Families and Couples

Legal Responsibilities of Educators, Caregivers and Monitors


Parents often leave their children in the temporary care of a teacher, daycare, summer camp or sports coach. By doing this, they are temporarily delegating their authority as parents. The teacher, childcare worker or monitor gains some control over the child, but also takes on responsibilities.

In this article, Éducaloi explains when a person with temporary custody, supervision or education of a child under 18 can be held responsible if something goes wrong.

Who is a custodian, supervisor, or educator?

School teachers and playground monitors come to mind first, but many other people educate or have custody or supervision of children: coaches, dance instructors, music teachers, daycare workers, summer camp monitors, adults hosting a birthday party, a parent who is part of an unmarried (common-law) couple, etc.

As a teacher, can I be held responsible if a child in my care injures someone else or damages something?


As a teacher, you have temporary custody of minor children (children under 18) and you must supervise and educate them. Their parents have delegated control and supervision of these children to you. In law, this is called delegation of parental authority ”. Because you are in charge, and the children are under your control, the law says that you can be held responsible for damage they cause.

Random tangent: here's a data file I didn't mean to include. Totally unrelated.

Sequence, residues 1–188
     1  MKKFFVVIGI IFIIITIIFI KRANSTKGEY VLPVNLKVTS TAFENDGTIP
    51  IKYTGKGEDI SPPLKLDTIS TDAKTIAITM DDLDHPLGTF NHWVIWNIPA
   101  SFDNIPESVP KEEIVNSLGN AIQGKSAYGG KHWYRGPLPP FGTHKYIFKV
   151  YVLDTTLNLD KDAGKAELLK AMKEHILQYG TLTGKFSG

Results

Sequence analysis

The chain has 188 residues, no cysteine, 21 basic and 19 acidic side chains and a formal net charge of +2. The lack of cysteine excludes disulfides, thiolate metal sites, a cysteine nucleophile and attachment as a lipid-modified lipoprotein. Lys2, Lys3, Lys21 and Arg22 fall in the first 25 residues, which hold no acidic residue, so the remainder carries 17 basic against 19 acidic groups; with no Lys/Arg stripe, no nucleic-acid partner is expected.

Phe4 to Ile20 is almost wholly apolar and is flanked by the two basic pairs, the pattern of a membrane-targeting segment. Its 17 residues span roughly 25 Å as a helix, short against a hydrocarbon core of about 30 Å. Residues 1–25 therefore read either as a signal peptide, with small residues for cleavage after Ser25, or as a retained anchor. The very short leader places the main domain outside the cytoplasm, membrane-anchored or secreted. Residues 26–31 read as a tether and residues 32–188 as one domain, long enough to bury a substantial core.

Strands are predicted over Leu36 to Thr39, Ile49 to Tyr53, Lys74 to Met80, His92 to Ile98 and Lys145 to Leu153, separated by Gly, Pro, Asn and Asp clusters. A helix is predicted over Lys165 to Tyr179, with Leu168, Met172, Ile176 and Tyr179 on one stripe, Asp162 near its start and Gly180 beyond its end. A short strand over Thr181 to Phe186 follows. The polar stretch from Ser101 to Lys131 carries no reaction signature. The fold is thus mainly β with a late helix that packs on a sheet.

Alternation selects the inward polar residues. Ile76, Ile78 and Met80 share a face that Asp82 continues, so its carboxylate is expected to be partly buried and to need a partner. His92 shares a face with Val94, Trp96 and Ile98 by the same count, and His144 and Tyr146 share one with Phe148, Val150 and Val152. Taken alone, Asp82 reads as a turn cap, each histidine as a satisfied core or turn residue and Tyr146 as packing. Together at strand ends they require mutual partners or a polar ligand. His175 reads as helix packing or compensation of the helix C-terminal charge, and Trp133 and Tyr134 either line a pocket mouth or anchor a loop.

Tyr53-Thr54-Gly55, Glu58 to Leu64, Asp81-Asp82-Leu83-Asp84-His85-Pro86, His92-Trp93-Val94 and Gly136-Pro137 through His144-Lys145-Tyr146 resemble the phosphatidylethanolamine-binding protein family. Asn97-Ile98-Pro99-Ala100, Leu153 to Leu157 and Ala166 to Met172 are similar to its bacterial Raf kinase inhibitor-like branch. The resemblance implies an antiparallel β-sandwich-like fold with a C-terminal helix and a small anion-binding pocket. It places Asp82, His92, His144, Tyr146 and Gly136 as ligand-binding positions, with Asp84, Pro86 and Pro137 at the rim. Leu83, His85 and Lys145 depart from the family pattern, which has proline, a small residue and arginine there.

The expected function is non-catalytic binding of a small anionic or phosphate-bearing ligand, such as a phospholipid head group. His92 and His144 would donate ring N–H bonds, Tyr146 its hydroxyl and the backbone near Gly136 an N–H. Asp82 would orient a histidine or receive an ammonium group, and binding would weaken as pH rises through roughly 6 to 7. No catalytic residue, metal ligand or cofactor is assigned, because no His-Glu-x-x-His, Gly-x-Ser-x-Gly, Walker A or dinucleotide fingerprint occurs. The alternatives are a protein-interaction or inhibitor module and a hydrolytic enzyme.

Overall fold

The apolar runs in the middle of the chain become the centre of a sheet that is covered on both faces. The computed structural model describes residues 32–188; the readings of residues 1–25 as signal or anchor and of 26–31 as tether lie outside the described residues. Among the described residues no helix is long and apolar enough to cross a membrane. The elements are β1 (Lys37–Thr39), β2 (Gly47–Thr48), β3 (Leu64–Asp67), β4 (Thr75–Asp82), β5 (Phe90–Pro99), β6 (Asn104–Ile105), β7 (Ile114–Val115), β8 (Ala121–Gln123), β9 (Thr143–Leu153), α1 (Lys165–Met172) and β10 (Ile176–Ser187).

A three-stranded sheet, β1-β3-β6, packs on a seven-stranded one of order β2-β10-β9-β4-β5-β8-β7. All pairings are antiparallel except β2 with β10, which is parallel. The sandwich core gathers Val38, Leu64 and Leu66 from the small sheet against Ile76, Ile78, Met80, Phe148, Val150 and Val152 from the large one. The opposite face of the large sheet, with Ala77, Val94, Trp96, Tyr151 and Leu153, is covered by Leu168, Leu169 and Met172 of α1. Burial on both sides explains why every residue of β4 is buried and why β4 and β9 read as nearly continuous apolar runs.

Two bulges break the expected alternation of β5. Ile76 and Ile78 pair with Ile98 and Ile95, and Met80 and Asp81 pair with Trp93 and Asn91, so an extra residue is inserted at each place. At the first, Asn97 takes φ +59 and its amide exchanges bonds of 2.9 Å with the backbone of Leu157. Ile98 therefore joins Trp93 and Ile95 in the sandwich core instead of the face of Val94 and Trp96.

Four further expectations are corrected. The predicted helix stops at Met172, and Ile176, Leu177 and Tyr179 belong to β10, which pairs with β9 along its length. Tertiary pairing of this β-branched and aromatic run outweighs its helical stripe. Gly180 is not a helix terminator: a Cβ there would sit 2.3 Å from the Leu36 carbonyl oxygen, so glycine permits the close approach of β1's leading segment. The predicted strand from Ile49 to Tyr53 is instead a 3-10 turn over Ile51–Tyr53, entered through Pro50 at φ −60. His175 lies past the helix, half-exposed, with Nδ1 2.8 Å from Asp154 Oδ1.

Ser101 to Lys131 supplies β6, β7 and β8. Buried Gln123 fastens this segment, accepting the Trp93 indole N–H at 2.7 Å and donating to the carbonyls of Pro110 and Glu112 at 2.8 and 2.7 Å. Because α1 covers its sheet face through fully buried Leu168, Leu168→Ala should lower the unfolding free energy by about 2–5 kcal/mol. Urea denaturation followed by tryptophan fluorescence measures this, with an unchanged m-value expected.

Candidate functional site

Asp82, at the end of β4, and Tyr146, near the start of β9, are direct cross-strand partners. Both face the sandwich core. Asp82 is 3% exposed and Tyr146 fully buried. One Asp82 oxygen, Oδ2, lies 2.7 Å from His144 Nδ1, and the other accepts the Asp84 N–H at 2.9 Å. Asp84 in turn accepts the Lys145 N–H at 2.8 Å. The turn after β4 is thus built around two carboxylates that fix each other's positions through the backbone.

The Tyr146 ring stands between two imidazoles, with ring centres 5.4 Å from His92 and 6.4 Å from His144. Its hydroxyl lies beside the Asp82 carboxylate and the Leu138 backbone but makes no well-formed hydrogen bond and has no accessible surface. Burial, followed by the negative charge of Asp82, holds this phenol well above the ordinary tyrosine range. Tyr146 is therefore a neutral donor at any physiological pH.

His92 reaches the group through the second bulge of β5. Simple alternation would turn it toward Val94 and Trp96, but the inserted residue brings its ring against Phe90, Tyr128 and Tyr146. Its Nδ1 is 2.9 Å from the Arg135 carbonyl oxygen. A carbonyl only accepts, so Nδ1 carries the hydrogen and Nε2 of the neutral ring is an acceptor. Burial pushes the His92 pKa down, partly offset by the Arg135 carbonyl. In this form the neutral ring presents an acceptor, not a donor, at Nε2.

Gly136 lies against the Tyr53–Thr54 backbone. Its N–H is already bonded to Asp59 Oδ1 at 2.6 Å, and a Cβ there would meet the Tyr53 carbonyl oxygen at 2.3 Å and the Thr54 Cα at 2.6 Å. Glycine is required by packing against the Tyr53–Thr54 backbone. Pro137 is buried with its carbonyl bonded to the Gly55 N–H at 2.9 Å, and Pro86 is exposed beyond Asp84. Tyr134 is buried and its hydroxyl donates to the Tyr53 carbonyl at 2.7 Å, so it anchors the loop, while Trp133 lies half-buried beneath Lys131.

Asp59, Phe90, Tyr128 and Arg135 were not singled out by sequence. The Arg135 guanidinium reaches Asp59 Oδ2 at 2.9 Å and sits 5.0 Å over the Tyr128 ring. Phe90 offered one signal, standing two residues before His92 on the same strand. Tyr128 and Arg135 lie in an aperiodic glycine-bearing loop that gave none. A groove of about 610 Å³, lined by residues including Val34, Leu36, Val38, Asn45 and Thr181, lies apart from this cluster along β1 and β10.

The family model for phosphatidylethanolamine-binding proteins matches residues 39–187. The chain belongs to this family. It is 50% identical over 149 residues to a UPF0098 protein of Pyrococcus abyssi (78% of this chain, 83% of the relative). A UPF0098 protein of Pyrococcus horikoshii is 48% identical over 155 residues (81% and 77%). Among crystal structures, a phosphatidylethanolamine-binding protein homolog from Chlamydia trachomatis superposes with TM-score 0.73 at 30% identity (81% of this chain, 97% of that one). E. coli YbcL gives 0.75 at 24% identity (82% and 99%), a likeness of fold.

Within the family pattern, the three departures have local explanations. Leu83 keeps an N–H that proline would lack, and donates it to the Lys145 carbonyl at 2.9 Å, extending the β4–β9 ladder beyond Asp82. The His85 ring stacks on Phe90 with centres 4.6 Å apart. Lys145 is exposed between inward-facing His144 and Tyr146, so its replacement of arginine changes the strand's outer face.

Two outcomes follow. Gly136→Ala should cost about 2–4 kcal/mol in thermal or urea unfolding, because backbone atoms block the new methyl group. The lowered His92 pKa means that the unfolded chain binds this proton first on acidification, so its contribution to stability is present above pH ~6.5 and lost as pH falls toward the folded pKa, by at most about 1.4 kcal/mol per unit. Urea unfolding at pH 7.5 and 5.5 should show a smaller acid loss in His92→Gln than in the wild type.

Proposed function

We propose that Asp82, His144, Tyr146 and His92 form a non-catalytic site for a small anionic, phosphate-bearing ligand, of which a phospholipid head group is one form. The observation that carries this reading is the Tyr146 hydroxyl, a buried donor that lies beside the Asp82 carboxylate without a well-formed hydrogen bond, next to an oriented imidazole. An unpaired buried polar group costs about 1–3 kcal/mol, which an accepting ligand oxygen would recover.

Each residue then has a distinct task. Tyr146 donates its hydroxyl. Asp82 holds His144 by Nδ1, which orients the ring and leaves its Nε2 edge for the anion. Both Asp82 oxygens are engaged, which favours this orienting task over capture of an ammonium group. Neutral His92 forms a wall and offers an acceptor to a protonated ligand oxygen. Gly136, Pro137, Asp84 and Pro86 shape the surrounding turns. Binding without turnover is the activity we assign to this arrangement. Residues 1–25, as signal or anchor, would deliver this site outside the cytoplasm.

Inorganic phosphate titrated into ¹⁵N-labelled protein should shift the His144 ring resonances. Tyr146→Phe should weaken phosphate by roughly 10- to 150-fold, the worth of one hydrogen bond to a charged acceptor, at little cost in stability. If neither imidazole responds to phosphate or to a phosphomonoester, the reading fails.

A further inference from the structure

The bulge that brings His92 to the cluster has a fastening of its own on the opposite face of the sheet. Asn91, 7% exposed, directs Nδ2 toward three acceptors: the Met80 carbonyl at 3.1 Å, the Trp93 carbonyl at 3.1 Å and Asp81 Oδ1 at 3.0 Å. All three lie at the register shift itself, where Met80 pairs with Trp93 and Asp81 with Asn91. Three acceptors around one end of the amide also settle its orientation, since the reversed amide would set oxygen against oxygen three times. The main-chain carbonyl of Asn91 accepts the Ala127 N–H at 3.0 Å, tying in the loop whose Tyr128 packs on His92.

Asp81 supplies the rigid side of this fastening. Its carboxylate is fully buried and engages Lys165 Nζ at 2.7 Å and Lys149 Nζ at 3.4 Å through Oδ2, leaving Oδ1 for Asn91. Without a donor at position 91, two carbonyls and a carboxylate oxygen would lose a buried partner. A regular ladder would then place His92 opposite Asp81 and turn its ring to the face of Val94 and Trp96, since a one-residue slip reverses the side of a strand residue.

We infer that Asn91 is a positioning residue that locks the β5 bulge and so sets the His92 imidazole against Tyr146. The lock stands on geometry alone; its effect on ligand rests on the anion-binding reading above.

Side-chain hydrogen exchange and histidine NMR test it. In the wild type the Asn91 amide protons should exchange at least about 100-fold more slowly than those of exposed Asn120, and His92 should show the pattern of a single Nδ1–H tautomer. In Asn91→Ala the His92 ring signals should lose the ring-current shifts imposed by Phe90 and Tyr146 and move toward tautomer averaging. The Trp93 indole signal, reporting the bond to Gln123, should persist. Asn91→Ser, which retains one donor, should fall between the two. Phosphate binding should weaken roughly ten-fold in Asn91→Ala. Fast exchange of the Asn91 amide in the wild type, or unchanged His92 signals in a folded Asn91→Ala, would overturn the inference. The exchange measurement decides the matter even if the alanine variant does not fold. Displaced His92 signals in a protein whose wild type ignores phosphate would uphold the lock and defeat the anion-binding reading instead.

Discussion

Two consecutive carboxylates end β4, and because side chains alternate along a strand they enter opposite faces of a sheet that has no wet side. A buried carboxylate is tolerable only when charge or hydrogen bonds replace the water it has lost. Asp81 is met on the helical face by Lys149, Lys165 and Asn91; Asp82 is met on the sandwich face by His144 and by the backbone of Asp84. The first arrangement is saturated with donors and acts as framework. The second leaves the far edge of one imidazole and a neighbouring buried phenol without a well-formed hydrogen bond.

The law says you are responsible if a child in your care injures someone, harms an animal or damages property, whether or not the child did something wrong.

If sued, it would be up to you to prove that you were not at fault in the custody, supervision or education of the child.

For example, you could argue that

  • your duty to supervise had ended when he caused the harm,
  • your supervision was adequate and you were unable to stop him from doing what he did, or
  • the child’s actions were totally unpredictable.

Here is an example: Mrs. Lachance is a high school drama teacher. She asks her 14-year-old students to create a play that will be presented to the class. One of the scripts she gets involves a scene where a book is thrown from the top of a staircase. Mrs. Lachance tells the students that they can do the scene as long as they use loose papers instead of a book. She also goes over safety rules with the students and warns them not to forget that the play isn’t real. Unfortunately, when the students present their play, they throw a book, injuring one of them. Mrs. Lachance is sued. She argues before the judge that the use of the book was totally unpredictable. The judge agrees and does not hold her responsible.

I teach karate. Can I be held responsible for a student’s actions outside of class time?

As a general rule, your responsibility is limited to damage caused by a minor child (under 18) while the child is under your supervision.

But in some cases, your responsibility can be broader. If it can be shown that the child’s actions outside your supervision stemmed from poor education you provided the child, you might be held responsible for the damage caused.

If I am sued, what can I prove so that the judge will not hold me responsible?